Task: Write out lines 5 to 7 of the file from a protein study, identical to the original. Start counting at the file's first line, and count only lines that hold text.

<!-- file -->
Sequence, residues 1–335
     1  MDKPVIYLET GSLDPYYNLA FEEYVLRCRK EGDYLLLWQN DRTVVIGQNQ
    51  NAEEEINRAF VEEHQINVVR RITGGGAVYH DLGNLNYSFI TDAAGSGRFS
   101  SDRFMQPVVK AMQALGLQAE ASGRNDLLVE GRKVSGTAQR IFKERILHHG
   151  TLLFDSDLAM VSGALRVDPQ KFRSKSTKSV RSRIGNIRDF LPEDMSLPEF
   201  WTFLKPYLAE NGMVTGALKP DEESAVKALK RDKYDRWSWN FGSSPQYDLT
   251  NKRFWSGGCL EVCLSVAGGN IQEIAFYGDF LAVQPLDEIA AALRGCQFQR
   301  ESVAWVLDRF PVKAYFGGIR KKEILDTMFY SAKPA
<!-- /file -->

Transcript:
   151  TLLFDSDLAM VSGALRVDPQ KFRSKSTKSV RSRIGNIRDF LPEDMSLPEF
   201  WTFLKPYLAE NGMVTGALKP DEESAVKALK RDKYDRWSWN FGSSPQYDLT
   251  NKRFWSGGCL EVCLSVAGGN IQEIAFYGDF LAVQPLDEIA AALRGCQFQR